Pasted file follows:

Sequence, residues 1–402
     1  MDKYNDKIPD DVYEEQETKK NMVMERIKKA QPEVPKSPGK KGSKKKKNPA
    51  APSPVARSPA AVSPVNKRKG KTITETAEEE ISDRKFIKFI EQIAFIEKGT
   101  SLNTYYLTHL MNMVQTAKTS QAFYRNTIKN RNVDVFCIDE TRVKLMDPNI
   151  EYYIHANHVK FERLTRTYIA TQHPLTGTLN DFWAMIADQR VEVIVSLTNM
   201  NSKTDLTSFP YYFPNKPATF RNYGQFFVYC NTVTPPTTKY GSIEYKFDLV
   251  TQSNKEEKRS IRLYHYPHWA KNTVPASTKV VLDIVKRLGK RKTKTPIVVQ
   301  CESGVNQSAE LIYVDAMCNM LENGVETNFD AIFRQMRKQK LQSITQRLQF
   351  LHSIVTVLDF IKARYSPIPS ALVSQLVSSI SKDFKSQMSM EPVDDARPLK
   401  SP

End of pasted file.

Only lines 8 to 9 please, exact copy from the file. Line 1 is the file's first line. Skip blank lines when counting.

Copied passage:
   301  CESGVNQSAE LIYVDAMCNM LENGVETNFD AIFRQMRKQK LQSITQRLQF
   351  LHSIVTVLDF IKARYSPIPS ALVSQLVSSI SKDFKSQMSM EPVDDARPLK